For decades San Francisco’s African American women were active in their communities, performing services such as running fund drives, setting up tutoring classes and organizing people to fi ght discriminatory practices. Although it was long over-due, by the 1970s these women were fi nally gaining some public recognition for the leadership they provided and work they did. For example, at a conference in 1973 more than 300 African American women turned out for a conference put on by Black Women Organized for Action (BWOA). Here the women participated in workshops and listened to speakers lecture on topics such as “Media and the Arts,” “Economic Opportunity” and “Women Prisoners” (Sun-Reporter; 1973, Black Women Organized). In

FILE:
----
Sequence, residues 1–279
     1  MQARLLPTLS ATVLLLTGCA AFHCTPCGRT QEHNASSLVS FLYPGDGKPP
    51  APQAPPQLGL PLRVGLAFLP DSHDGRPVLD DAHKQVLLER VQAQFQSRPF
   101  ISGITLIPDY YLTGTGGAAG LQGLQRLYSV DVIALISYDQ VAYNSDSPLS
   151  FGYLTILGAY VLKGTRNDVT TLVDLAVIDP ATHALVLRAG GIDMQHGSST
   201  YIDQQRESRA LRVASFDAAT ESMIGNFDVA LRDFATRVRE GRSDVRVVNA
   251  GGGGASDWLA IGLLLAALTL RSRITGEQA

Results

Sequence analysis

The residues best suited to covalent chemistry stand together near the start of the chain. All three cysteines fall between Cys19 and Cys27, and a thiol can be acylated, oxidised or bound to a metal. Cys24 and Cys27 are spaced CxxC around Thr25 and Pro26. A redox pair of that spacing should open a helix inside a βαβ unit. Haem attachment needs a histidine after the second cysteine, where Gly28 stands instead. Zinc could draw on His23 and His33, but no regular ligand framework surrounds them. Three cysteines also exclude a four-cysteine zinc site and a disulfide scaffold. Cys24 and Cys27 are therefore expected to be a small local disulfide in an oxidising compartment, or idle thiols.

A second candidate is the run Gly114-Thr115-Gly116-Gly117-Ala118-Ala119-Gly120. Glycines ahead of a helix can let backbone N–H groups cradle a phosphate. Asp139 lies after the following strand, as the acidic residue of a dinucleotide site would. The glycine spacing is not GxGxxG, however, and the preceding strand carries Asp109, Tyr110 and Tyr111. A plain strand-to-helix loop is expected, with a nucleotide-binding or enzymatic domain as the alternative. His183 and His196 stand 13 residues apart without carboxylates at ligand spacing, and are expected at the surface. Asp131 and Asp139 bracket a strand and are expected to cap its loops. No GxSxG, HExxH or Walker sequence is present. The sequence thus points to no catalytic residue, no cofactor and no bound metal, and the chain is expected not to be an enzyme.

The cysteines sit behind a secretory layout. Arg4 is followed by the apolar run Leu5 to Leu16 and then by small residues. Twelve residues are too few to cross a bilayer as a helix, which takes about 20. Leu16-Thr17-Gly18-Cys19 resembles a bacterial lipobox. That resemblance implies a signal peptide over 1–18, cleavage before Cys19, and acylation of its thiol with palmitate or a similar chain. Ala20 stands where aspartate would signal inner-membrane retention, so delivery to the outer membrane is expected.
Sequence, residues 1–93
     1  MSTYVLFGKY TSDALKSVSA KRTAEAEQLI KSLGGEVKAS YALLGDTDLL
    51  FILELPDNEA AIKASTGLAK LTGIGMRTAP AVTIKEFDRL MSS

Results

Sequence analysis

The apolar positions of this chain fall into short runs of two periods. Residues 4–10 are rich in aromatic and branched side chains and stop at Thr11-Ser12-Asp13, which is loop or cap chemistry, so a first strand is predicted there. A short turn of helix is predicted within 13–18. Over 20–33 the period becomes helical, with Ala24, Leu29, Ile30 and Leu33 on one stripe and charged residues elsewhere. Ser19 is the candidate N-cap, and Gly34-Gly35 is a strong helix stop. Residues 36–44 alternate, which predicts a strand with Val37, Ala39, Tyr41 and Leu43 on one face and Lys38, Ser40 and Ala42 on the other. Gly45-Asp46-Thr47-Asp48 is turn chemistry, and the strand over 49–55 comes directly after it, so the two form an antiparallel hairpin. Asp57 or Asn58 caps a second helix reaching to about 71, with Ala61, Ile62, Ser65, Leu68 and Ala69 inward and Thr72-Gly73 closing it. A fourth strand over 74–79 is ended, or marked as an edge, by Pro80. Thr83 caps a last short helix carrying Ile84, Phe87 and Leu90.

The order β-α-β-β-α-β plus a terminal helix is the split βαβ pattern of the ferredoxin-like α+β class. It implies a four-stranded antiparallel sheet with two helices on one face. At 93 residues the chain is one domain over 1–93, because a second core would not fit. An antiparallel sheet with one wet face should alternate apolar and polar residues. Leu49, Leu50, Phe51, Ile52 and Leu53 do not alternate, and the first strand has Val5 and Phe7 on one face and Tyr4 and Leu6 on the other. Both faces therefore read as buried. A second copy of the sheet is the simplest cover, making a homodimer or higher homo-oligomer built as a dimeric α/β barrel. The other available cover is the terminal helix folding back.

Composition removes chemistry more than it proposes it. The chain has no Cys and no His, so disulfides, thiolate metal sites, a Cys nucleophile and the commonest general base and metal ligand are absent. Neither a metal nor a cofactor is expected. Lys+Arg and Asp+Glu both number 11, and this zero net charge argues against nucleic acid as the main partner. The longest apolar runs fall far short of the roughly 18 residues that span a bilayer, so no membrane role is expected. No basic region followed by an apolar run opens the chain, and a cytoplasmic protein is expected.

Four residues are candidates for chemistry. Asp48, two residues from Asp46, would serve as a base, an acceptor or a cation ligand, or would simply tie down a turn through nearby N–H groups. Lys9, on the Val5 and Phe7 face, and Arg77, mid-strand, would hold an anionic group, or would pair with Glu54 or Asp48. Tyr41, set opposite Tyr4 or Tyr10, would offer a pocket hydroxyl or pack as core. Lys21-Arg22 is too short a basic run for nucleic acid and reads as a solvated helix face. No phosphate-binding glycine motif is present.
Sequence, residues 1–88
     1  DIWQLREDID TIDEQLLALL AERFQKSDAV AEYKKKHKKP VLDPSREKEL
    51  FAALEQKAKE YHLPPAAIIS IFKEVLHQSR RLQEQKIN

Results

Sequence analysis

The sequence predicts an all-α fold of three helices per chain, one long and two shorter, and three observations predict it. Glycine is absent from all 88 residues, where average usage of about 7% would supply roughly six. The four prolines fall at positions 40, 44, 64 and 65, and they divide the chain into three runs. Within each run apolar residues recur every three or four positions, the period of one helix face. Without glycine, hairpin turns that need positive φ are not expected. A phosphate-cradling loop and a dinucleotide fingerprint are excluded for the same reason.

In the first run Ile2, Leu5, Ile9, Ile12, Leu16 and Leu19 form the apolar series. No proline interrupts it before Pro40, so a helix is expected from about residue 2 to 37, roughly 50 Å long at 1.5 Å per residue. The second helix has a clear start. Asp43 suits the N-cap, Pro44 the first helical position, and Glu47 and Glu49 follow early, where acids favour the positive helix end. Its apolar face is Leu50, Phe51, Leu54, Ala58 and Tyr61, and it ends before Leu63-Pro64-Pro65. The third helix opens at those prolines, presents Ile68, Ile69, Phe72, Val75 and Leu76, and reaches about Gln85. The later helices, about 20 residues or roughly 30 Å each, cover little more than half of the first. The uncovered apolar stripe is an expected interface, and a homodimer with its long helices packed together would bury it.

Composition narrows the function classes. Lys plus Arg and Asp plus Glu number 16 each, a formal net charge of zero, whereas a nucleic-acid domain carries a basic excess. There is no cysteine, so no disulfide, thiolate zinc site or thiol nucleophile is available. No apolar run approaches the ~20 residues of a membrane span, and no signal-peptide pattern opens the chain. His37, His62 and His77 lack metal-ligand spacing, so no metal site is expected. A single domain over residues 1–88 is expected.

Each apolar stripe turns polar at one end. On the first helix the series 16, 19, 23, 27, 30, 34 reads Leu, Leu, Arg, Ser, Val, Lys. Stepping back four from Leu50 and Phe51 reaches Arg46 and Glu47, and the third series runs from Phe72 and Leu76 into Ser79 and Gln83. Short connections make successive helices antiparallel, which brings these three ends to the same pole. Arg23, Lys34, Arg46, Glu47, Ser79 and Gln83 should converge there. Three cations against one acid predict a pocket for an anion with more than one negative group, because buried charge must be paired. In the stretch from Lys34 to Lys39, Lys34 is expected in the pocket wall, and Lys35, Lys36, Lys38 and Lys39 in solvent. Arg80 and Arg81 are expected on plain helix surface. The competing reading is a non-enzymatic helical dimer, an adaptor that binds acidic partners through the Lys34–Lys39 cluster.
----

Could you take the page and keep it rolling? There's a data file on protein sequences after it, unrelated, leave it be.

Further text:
particular, the media workshop suggested that BWOA sponsor a conference or business orientation for African American artists, proclaiming a need to, “ . . . show concern for the kind of Black representation and involvement on T.V. and radio. Both behind the scenes and in front of the cameras and microphones [sic]” (Sun-Reporter; 1973, Black Women Organized). According to small business owner Joan Brann, proprietor of Homemaking Sojourners, in the economic opportunity workshop, “We talked about the need for expertise and information being made available to the women attending this conference and to the women of the community who want to go into business and don’t know all that is involved” (Sun-Reporter; 1973, Black Women Organized).